Israelis overseas today have begun early voting for the March 2nd election – but only diplomats and official emissaries are eligible to vote. What about Israeli citizens who are working or studying abroad? In many democracies mechanisms exist to allow citizens who are overseas to vote. IDI has proposed a reform that will allow Israelis who the center of their lives are based in Israel to vote in elections.
Dr. Ofer Kenig and Yohanan Plesner of the Israel Democracy Institute have published a proposal to reform Israel’s policy regarding overseas absentee voters.
The right to vote abroad will only be given to such a citizen who, on the day of election, has not been abroad for more than 3 years and spent at least three consecutive months living in Israel during this period.
This differentiates between citizens whose center of their lives is in Israel and are away from the county on Election Day – as opposed to those who have moved to live abroad permanently.
Absentee voting will require early registration – either with the Central Election Committee or Ministry of Interior.
The proposal would provide a solution for the tens of thousands of Israelis living abroad and eligible for absentee voting from these three categories:
1. Israelis who are on temporary relocation abroad by their employer, and who intend on returning to live in Israel.
2. Students who are studying abroad.
3. Young people travelling after their army service – either for work or pleasure.
Israeli tourists and business people travelling during the election can be provided the solution of early voting at a ballot station located in Ben Gurion Airport.
IDI's January 2019 survey shows that:
50% of Israelis favor allowing citizens who are abroad to vote for the Knesset and 41% oppose this idea.
Support absentee balloting – segmentation by political-blocs:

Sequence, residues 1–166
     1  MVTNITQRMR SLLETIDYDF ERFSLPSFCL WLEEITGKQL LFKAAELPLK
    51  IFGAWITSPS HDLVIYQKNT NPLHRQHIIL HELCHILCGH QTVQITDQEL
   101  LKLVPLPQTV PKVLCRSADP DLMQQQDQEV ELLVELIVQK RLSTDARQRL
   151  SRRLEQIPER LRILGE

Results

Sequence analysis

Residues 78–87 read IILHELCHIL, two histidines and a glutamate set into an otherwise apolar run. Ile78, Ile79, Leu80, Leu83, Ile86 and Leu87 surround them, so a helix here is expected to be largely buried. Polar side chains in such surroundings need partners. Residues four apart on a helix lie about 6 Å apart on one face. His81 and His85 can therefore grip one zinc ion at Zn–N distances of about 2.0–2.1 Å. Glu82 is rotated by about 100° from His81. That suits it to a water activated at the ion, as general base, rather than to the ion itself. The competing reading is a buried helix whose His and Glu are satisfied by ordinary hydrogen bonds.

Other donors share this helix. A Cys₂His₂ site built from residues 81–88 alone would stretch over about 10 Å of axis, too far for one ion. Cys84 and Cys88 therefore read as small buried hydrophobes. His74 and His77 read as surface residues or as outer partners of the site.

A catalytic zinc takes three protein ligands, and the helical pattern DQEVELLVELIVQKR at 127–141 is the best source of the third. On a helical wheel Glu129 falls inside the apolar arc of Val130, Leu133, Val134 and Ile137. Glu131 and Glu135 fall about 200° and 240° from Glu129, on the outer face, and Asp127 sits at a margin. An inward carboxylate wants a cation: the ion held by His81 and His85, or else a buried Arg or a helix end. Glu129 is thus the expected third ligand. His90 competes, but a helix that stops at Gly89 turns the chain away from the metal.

48% on the left, 55% in the center and 52% on the right.
Eligibility to Vote Overseas
|Australia||All citizens who are abroad for less than 6 years|
|Canada||All citizens who are abroad for less than 5 years|
|Denmark||All citizens who are abroad for less than 2 years.|
|No limitations on governmental emissaries, employees sent on relocation, students or citizens abroad for medical treatment|
|Germany||EU Countries: all citizens (as long they lived in Germany for at least 3 consecutive months)|
|Other countries: All citizens who are abroad for less than 25 years|
|Greece||Only official governmental emissaries|
|Ireland||Only official governmental emissaries|
|Israel||Only official governmental (and Jewish Agency) emissaries|
|Italy||All citizens (12 seats in parliament are allocated for citizens abroad)|
|New Zealand||All citizens who lived in New Zealand for at least 1 year and who visited at least once over the past 3 years.|
|Sweden||All citizens who are abroad for less than 10 years.|
|After this period, all citizens who register to retain their eligibility|
|United Kingdom||All citizens who are abroad for less than 15 years|
|United States||All citizens are eligible to vote in federal elections|
|Criteria for eligibility in local elections is determined by each state and county.|
Notes: Most countries require advance registration for absentee balloting.